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30 July 2010

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The truth will set us free?

SO, ‘Ulster’ rejects the Eames/Bradley Report, though we don’t know how many of the responses to the consultation proposals came from Donegal, Monaghan and Cavan.
It seems few bothered to respond at all. Of the 174 individuals and the 72 organisations who did, the majority gave a resounding ‘No’ to all the recommendations put forward by the Consultative Group headed up by Denis Bradley and Bishop Robin Eames.
While some talk of shared futures, there are those who are not prepared to share the truth.
Compare the dignified response of the Bloody Sunday relatives and the people of Derry to the Saville Report with the absolute mayhem, threats and obscenities from a section of the crowd when Eames/ Bradley presented their report in Belfast last year. These are the people who reject any attempt to uncover the truth of the past 40 years lest it may expose their collaboration and collusion with those who created many of the victims.
That a majority rejected outright the report in its entirety, including the concept of a truth commission, is not surprising.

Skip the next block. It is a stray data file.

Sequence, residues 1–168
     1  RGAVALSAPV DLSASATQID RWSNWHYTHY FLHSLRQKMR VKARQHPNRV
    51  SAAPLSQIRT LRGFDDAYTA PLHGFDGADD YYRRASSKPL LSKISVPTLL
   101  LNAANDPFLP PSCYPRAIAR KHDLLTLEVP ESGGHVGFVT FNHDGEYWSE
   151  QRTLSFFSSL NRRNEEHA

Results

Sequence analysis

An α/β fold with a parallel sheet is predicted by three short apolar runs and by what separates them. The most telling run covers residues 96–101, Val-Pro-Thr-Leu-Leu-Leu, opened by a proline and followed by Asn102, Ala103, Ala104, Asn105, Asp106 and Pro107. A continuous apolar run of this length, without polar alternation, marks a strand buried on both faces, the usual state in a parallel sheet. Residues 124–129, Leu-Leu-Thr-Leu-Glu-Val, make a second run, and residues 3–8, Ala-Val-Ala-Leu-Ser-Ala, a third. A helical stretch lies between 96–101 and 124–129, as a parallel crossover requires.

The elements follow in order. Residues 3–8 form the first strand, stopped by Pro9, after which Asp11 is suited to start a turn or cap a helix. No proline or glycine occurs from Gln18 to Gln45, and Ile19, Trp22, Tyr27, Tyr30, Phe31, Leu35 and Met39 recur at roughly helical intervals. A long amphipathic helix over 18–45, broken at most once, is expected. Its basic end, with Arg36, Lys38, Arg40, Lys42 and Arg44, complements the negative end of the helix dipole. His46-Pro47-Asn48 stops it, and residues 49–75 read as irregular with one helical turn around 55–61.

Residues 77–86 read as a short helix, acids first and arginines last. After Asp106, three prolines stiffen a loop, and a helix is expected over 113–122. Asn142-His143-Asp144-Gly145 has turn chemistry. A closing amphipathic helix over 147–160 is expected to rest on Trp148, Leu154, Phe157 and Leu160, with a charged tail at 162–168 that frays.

As MLA Francie Molloy pointed out, there will not be a consensus on dealing with the past in the North primarily because the future is still being contested. For, if the truth be told, those who supported the political and social and economic division of this island by the British have the most to fear from any attempt to sort out the root causes of conflict left by partition.
We are no longer at war but we are not totally at peace. Even the term ‘war’ is disputed by those who believe that the IRA were the only protagonists. Yet during the past 30 years, more British soldiers were stationed in the North than in either Iraq or Afghanistan.

Judging by the response of Jeffrey Donaldson to the Eames/Bradley Report, political unionism, representing many of the bereaved, has not moved beyond its own anger and pain to acknowledge that all victims and survivors should be afforded equal respect and recognition.
Nor will unionism acknowledge that many of the victims were created by the British state. Their petty comments about Prime Minister David Cameron’s apology to the Bloody Sunday relatives is evidence of a mindset still entrenched in the past.
The hierarchy of victims mindset has flourished under the many initiatives set up by the British over the past years, beginning with Bloomfield, the retired head of the North’s Civil Service whose recommendations to address the needs of ‘victims’ resulted in the appointment of Adam Ingram, the Minister responsible for the British armed forces in the North, as a Victims Commissioner.
Since then, a veritable industry has grown up around victims/survivors that has not resolved the sense of loss or the pain of the bereaved, the majority of whom in the nationalists community only want to know the truth.
The suspicion in that community is that the British will use the rejection of the latest report as an excuse to park the matter, for it is the British who have the most to lose if the truth of the North’s conflict ever emerges. That will only happen by the setting up of an international truth recovery process. Perhaps then the truth will then set us all free.

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